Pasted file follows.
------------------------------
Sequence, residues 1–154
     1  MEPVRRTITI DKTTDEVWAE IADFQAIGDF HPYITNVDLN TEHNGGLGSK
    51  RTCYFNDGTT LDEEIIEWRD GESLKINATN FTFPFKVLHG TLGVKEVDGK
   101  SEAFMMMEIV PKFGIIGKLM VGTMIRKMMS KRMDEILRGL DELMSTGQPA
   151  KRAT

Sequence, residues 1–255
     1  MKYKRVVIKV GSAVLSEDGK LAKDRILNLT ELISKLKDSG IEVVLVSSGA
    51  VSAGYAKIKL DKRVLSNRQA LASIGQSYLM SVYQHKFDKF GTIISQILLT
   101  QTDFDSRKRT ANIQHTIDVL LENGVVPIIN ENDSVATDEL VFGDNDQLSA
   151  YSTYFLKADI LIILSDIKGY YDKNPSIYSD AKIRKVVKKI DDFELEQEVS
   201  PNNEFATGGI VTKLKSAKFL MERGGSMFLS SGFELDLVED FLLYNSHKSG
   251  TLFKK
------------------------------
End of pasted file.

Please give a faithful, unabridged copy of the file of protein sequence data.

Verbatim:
Sequence, residues 1–154
     1  MEPVRRTITI DKTTDEVWAE IADFQAIGDF HPYITNVDLN TEHNGGLGSK
    51  RTCYFNDGTT LDEEIIEWRD GESLKINATN FTFPFKVLHG TLGVKEVDGK
   101  SEAFMMMEIV PKFGIIGKLM VGTMIRKMMS KRMDEILRGL DELMSTGQPA
   151  KRAT

Sequence, residues 1–255
     1  MKYKRVVIKV GSAVLSEDGK LAKDRILNLT ELISKLKDSG IEVVLVSSGA
    51  VSAGYAKIKL DKRVLSNRQA LASIGQSYLM SVYQHKFDKF GTIISQILLT
   101  QTDFDSRKRT ANIQHTIDVL LENGVVPIIN ENDSVATDEL VFGDNDQLSA
   151  YSTYFLKADI LIILSDIKGY YDKNPSIYSD AKIRKVVKKI DDFELEQEVS
   201  PNNEFATGGI VTKLKSAKFL MERGGSMFLS SGFELDLVED FLLYNSHKSG
   251  TLFKK